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Apology Accepted: How to Apologize to Your Child

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Have you ever been mean to your child? Have you ever lost your temper or done something that you weren’t proud of, only to see them watching you? How did you handle it?

Every now and then, I lose my patience. I’m not the most patient person, and patience is something that I’m constantly working on. Even so, when I lose my cool, I find myself torn. Do I pretend like it never happened or humble myself in front of my children?

Kids need to see that their parents are human. They need to realize that we make mistakes, too. They also need to see how we handle those mistakes. If we never humble ourselves or apologize for our actions, how can we expect them to do the same?

No parent is perfect. Apologizing isn’t easy, but when parents make mistakes, they need to show their children the right way to handle bad situations.

If you need to apologize to your child, here are some great tips to make it effective (and prevent it from happening again).

Take a time-out or breather

“Timeouts” are one of my favorite discipline tactics. Even before I read Parenting With Love and Logic, one of my favorite parenting books on discipline (read my review here), I used timeouts as part of my discipline toolkit. A timeout gives kids an opportunity to think about their actions. Most importantly, it gives them a chance to calm down.

While timeouts are great for kids, they can also be beneficial for mommies and daddies. Taking that extra ten (or three or five – depending on how much time you can spare) seconds before making a rash decision (or even to regroup after you’ve flown off the handle) is so helpful.

One of the things that I learned in Love and Logic is that it’s ok to delay punishment. Rather than screaming “I’m going to take all your toys away when we get home” as you drive along the highway, take ten seconds and advise the kids that you’ll discuss an appropriate solution when you get home. This not only gives you an opportunity to calm down and view the situation with a clear mind, but it also gives the kids a chance to think about their actions.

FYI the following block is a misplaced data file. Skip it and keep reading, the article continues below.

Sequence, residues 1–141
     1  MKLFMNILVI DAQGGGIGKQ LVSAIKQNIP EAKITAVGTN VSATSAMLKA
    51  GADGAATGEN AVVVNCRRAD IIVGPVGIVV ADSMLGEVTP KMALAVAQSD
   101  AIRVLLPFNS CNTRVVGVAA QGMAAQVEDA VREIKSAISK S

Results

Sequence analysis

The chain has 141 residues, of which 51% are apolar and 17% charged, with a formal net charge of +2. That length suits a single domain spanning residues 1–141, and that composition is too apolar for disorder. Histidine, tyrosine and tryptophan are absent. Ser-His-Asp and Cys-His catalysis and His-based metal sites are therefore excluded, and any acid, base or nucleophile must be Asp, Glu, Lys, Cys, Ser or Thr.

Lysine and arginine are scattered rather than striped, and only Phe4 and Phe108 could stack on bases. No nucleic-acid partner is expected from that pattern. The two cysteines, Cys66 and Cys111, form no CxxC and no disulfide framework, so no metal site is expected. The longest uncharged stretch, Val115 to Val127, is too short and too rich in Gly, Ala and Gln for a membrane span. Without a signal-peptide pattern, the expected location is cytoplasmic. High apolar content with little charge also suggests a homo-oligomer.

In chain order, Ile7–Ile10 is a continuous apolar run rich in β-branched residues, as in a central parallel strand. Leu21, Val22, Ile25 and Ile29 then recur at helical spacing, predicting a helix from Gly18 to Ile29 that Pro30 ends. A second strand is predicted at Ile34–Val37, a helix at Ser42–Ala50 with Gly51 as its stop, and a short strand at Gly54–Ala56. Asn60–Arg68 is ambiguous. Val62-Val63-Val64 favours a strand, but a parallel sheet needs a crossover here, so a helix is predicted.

If you’ve already screamed at the kids or lost your temper, take a few minutes to cool down. Don’t say another word, and then discuss the situation with a clear mind after you’ve all had a chance to think.

Get on their level

This tactic works especially well in public. If your child is “acting out” in the middle of the grocery store, crouch next to him and speak softly. Your calm demeanor will help to calm him down, and you’ll both be able to discuss the situation.

If you need to apologize, getting on the child’s level helps to show them that you care. You’re not preaching from your high and mighty “mommy platform” as you dictate their every move. Instead, you’re talking to them like a person, explaining that you make mistakes, too.

Discuss the situation

Talk about what happened initially, during the event, and afterward. What triggered you to react the way that you did? If you were having a bad day and then your child refused to buckle up in the car, explain that to your child. Explain that you didn’t handle the situation the way that you should have, and what you could’ve done differently. Discuss how you could handle the situation in the future, and create a plan so that this won’t happen again. Talk about the problem using terms that your child can understand.

If the situation ever occurs again, talk to your child about what happened the last time. Does your child remember how both of you behaved? Does he remember the solution that you agreed upon? By talking through the situation, you’re teaching your child critical thinking skills. You’re helping your child to see cause and effect, and how they impact others.


When you apologize to your child, be sincere. Show your child that you care and how you will try to avoid acting like that again. Explain to your child that people make mistakes, but it’s important to learn from them.

Are you raising your children under the “do as I say, not as I do” motto, or are you trying to model the behavior that you want your children to have? What works for you? Leave a comment below!

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